Former defense minister and Kadima MK Shaul Mofaz on Thursday said that any agreement reached between world powers and Iran would likely keep Iran’s uranium enrichment infrastructure intact, and therefore guarantee Tehran’s ability to kickstart development of nuclear weapons.
Speaking to Israel Radio, Mofaz said, however, that even if a nuclear-armed Iran was only delayed by a few years, it would still be an achievement for Israel. He said Iran’s nuclear program was an existential threat to Israel, but that negotiations needed to be given a chance. Mofaz, who is also a former IDF chief of staff, suggested that Jerusalem should work behind the scenes to influence the talks with Iran.
Also speaking to the station, Energy and Water Resources Minister Silvan Shalom contended that the primary motive behind the Geneva nuclear talks between world powers and Iran was financial rather than prevention of Tehran’s acquisition of nuclear weapons.
Shalom said world powers were interested in reopening global access to Iranian oil supplies and reducing the price of oil.
The P5+1 countries — the US, Britain, France, China, and Russia, and Germany — held two days of talks with Iran Tuesday-Wednesday to try to resolve concerns that the Islamic Republic is striving to develop nuclear weapons. Iran wants painful international sanctions to be lifted in exchange for possible concessions it had been previously unwilling to consider, such as increased international monitoring of its nuclear program and the scaling back of Iran’s uranium enrichment — a potential path to nuclear arms and the centerpiece of its impasse with the West.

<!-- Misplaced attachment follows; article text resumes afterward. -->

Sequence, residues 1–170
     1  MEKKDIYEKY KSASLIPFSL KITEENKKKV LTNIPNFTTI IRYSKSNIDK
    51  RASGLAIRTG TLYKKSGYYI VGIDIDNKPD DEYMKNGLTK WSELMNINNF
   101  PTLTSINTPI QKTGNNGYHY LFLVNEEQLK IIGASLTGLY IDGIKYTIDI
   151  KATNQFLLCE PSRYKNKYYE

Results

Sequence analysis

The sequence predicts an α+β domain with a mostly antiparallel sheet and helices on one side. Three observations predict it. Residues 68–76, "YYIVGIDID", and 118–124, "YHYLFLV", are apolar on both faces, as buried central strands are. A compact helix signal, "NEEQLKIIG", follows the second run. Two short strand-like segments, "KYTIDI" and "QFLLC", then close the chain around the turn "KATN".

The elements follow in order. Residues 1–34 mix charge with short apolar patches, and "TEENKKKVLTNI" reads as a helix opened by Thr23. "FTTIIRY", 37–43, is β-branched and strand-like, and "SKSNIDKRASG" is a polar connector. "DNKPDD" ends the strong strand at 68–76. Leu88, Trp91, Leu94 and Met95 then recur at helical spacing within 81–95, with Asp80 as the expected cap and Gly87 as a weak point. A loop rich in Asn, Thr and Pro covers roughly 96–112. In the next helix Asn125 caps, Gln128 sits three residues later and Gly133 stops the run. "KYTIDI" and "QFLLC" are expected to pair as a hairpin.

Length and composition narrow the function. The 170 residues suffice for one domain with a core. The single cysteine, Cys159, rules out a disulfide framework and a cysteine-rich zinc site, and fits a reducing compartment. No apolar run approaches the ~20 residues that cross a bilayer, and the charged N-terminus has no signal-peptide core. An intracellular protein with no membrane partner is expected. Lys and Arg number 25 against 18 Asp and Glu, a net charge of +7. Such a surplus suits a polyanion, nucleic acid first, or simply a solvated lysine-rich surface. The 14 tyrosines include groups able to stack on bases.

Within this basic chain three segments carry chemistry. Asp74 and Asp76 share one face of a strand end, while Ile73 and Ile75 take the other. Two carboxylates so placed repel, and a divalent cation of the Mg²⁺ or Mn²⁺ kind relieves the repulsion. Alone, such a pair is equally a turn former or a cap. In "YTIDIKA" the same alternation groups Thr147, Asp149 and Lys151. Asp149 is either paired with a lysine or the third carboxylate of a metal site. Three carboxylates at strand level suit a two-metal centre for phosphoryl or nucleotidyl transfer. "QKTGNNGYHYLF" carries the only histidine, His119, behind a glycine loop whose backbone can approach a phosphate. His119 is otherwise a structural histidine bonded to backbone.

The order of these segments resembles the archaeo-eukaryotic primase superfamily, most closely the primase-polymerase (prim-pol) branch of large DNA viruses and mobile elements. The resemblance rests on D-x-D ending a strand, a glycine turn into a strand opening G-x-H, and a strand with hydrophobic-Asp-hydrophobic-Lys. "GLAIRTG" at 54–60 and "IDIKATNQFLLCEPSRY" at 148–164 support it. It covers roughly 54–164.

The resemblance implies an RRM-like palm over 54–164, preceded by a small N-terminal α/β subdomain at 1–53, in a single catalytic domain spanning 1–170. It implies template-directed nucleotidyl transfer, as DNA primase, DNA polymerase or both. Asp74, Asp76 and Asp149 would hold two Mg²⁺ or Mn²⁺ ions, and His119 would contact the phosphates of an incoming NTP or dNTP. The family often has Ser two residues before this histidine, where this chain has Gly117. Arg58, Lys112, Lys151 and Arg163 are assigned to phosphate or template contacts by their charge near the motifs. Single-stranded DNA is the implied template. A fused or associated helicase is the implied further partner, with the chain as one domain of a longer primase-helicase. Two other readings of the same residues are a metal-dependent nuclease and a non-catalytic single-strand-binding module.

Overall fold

Among one of the most significant sanctions was a ban introduced last year on purchasing Iranian oil. Lifting these sanctions would increase global oil supply and could reduce prices in Western markets.
Reports from the talks on both Israel’s Channel 2 and Channel 10 news Wednesday night indicated that Iran insists on retaining what it calls the right to enrich uranium on its own territory, but is ready to reduce the degree of enrichment and is prepared to allow surprise inspections of its facilities. While specific proposals were not made public Thursday, the reports further indicated that Iran was proposing a six-month period of confidence-building gestures between the sides, followed by a six-month period in which agreed changes would be implemented in the Iranian nuclear program.
The sides released a statement at the end of the two days of talks calling the meetings “substantive and forward looking.”
The sides will hold another high-level meeting November 7 and 8 in Geneva, and Iranian and Western “scientific and sanctions experts” will convene before that date “to address differences and to develop practical steps,” the statement read.
The Times of Israel covers one of the most complicated, and contentious, parts of the world. Determined to keep readers fully informed and enable them to form and flesh out their own opinions, The Times of Israel has gradually established itself as the leading source of independent and fair-minded journalism on Israel, the region and the Jewish world.
We've achieved this by investing ever-greater resources in our journalism while keeping all of the content on our site free.
Unlike many other news sites, we have not put up a paywall. But we would like to invite readers who can afford to do so, and for whom The Times of Israel has become important, to help support our journalism by joining The Times of Israel Community. Join now and for as little as $6 a month you can both help ensure our ongoing investment in quality journalism, and enjoy special status and benefits as a Times of Israel Community member.